We were just passing through and didn’t go in the center. The city has made a good impression on us as a modern and neat.
Bin El-Ouidane (32°05’58.1″N 6°25’27.0″W)
It has been recommended to us, it looks phenomenal from above, but up close offers nothing interesting, you can limit yourself to a slow pass and a stop for a photo.
Beni Mellal (32°20’04.4″N 6°21’25.9″W)
Apart from the park on the outskirts (Parc Aïn Asserdoun) there is nothing interesting.
We recommend sleeping on Couchsurfing. If you are lucky, you can also get an invitation from strangers to their home. In this case, there is nothing to be afraid of, just go ahead! This is a unique opportunity to see how usual Moroccan people live, what hospitality we should learn from them and to tell about your beautiful country and its customs.
In addition, we recommend sleeping in riads, which are small hotels that look like little palaces inside. Of course, the closer to the medina the better. Below is a list of places where we slept and we can recommend:
Hotel Hicham, 30°55’16.9″N 6°54’58.0″W, 80 MAD for double room with toilet and shower on the corridor
Hotel Dades, (around here 31°57’30.8″N 6°34’23.7″W), 100 MAD for double room with toilet and shower on the corridor
Hotel Andaluz, (https://www.facebook.com/hotel.andaluz.chaouen/?fref=ts), 120 MAD for double room with toilet and shower on the corridor
Hotel Poste, 34°47’48.5″N 5°34’53.0″W, 100 MAD for double room with toilet and shower on the corridor
I won’t tell you how to live, but I will give you a few tips that will make life in Morocco easier.
We bargain for: goods on stalls, taxis, if they do not want to turn on the taximeter, hotels
We don’t bargain: where the price is known from the beginning, in restaurants, in hotels, if a price list is hung (here we can try to negotiate, but not to bargain), on buses, etc.
Where you can’t bargain, you can try to negotiate, but you must have something to convince the other side – you want to stay for 4 nights in a group of six, order 6 dishes in a restaurant or fill the whole bus, etc.
Hitchhiking works great, only sometimes drivers don’t know the gesture of “thumb up” and then they don’t know what’s going on. Then you have to quickly show on your fingers how many people want to go and indicate the direction in which you are going.
Petit taxi, or normal taxis within cities. They are always in the color of the city and only in Marrakesh there was a problem with turning on the taximeter. Generally, they are medium-cheap.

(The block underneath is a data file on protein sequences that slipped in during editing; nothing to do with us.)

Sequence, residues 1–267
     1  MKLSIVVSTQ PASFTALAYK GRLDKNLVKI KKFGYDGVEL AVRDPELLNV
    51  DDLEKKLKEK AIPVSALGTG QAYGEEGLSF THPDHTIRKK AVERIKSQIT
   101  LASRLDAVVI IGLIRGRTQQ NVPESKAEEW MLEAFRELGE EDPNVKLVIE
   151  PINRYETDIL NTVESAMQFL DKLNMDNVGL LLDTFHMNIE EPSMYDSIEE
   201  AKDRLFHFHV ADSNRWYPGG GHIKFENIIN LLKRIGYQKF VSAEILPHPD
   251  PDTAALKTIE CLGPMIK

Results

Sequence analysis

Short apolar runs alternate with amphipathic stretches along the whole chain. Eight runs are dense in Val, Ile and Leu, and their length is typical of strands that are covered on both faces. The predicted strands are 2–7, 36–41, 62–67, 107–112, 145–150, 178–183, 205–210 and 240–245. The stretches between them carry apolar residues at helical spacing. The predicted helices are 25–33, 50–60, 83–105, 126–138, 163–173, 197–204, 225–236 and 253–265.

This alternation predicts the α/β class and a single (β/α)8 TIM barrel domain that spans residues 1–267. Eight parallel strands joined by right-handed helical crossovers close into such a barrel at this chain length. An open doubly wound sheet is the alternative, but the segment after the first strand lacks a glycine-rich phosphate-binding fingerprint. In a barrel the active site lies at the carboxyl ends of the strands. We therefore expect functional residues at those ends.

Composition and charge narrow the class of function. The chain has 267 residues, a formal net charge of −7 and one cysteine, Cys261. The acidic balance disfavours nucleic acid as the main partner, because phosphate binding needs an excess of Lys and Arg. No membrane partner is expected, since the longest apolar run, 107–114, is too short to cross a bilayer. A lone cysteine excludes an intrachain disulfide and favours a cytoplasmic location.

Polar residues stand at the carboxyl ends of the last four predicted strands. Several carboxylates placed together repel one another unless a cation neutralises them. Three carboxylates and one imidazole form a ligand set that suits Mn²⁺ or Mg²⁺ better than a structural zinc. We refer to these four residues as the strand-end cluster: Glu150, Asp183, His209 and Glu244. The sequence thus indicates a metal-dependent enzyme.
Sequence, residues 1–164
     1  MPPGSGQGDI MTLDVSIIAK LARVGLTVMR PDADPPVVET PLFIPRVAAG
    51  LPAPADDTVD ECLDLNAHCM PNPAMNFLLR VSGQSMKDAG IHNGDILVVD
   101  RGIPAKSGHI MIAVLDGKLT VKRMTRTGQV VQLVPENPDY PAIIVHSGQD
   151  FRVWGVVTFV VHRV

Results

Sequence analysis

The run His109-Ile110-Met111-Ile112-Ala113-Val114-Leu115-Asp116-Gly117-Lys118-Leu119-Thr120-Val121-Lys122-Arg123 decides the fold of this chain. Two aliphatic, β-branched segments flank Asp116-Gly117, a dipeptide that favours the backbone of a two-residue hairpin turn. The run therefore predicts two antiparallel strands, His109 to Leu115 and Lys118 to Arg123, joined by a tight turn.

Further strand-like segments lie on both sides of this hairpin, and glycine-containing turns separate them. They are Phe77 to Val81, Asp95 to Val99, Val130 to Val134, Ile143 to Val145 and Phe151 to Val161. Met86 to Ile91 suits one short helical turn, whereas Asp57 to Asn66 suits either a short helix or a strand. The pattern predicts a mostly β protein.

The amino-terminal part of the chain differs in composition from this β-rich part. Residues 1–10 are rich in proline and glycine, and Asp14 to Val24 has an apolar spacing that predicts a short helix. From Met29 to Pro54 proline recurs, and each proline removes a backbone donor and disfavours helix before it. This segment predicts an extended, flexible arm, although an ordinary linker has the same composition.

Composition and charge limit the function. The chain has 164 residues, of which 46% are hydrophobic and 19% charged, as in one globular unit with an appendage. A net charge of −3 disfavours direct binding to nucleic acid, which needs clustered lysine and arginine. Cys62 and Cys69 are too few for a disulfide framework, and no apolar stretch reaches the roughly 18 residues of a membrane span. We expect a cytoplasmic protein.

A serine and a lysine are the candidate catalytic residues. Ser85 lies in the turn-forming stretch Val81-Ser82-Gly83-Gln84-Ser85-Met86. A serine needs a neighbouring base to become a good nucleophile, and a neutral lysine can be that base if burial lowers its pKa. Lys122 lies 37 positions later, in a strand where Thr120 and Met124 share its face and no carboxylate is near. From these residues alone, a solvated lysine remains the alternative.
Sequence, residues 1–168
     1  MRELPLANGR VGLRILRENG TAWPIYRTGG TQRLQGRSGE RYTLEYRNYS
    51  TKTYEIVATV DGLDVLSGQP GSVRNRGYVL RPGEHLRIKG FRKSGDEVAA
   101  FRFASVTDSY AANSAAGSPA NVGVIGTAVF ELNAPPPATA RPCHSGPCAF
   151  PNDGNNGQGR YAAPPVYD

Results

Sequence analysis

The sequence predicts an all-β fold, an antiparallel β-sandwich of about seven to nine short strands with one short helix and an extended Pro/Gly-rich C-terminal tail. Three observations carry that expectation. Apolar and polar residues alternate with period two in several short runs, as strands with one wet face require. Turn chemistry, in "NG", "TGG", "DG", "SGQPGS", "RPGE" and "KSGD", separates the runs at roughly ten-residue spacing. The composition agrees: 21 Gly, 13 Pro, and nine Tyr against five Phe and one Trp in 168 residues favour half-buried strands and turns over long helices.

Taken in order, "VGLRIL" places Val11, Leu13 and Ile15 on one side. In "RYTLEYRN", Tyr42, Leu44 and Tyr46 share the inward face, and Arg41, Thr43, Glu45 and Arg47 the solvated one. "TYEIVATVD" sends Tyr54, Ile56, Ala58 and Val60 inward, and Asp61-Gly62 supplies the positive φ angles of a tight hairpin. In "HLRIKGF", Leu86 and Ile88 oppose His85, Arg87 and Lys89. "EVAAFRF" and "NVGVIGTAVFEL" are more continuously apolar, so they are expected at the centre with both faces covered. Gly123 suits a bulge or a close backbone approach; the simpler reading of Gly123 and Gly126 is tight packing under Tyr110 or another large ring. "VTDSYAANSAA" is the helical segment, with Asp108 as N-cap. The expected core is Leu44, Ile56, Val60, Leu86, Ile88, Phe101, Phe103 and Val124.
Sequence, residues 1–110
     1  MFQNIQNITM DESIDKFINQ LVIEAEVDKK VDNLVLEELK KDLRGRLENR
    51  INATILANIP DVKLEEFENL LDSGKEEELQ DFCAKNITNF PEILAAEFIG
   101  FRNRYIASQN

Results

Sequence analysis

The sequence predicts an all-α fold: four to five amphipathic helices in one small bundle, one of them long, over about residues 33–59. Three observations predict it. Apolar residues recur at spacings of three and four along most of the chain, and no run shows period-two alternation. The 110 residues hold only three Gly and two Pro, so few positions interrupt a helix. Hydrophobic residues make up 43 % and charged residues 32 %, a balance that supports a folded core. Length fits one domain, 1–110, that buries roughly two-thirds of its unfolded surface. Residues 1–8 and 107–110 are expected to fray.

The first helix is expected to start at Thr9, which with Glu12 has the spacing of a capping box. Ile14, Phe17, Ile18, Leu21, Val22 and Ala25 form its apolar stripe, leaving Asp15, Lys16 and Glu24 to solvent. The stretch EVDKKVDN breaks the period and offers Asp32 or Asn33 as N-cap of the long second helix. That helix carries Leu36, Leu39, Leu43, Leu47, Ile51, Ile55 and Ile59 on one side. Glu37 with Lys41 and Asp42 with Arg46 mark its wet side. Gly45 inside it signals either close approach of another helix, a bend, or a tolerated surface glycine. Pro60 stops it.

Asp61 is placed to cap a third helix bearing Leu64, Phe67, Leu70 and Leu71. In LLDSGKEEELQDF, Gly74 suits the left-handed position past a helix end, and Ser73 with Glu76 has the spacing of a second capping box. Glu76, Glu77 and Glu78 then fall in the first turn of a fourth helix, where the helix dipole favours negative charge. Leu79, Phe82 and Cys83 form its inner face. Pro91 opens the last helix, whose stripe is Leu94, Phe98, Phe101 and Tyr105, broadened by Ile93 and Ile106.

Grand taxi, or taxis going between cities. The driver takes 6 people to the old Mercedes sedan (2 in the front seat and 4 in the back), so it’s a bit tight. You can get into an empty one and wait for people to get settled in or get into another one. Sometimes there is a change of cars along the way, we need to make sure that the drivers are pass the information that you have already paid. Cost: medium-expensive.
Intercity buses, of which there are two types. Ordinary, which are slow, dirty and leave from a bit scary stations. There is a surprise waiting for you before you get in – 10 MAD for luggage put into the hatch, of course no one will inform you about it before. Cost: medium. The second type is Supratours buses, faster and looking neater, also departing from nicer stations. We didn’t take them because they are medium-expensive.
City buses – crowded, unpunctual and slow. You should treat them rather like a one-time adventure, not a transportation. It’s a waste of time, it’s better to choose a taxi petit.
You can always ask for extra bread with your meal, they shouldn’t charge you for it. Not in every bar there is a toilet, but there will always be a wash basin. Tap water is drinkable.
At first glance, it seems that everyone wants to cheat you to get your money. Then, it turns out that the country is full of honest and helpful people, but unfortunately tourists have mostly contact with the greedy minority. How not to be deceived? Be assertive, be polite, pay only after the service and have a lot of small nominals (the need to give the change is very tempting to make a “mistake”).
We, knowing English, Spanish and a little bit of French, somehow managed to communicate. The most useful of course will be Arabic, then French and in the north Spanish. English came in handy in the most touristic places and during hitchhiking, when the drivers, who took us, were people working for some larger companies.
Passport control took a lot of time in both directions. In Rabat we got an SMS from Ryanair to be 3 hours before departure. Of course, it was too much time, but 2 hours is the absolute minimum. And note that they weighed the cabin baggage! We had to do some tricks to let our 17 kg per person pass the 10 kg limit.
We saved a lot on transportation and accommodation, which left us around 270 € for 2 persons for 2 weeks, and in the last days we were spending a little more to get rid of all the exchanged currency.
Lunch at the restaurant: 30-45 MAD
Petit taxi: 4-7 MAD/km, depending on the city
Usual bus: 0,5 MAD/km
Nightstay in riad: 100 MAD for double room without bathroom
Bananas: 7 MAD/kg
Oranges: 6 MAD/kg
Quality dates: 20 MAD/kg
Mandarines: 6 MAD/kg
1,5l water: 6 MAD
Tajine: depends on its kind and where you buy it, better to buy away from touristic places, we have our from Ouazzane for 50 MAD (capacity for 2-3 people)
Djellaba: again it depends on the material, how many decorations it has, whether manually sewn (more expensive) or machine (cheaper). For the djelaba of good material, with delicate ornaments, machine-sewn we paid in Ouazzane (the largest selection of all places we visited) 160 MAD after negotiations.